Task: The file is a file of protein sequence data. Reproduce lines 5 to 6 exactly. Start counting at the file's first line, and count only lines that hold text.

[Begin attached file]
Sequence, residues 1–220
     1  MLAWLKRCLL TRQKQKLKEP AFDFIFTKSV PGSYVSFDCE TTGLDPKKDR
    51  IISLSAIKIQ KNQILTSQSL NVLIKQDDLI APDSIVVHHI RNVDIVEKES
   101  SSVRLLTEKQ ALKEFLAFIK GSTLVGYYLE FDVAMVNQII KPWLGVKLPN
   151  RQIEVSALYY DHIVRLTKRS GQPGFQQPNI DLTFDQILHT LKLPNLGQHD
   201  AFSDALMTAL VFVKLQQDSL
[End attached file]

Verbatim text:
   151  RQIEVSALYY DHIVRLTKRS GQPGFQQPNI DLTFDQILHT LKLPNLGQHD
   201  AFSDALMTAL VFVKLQQDSL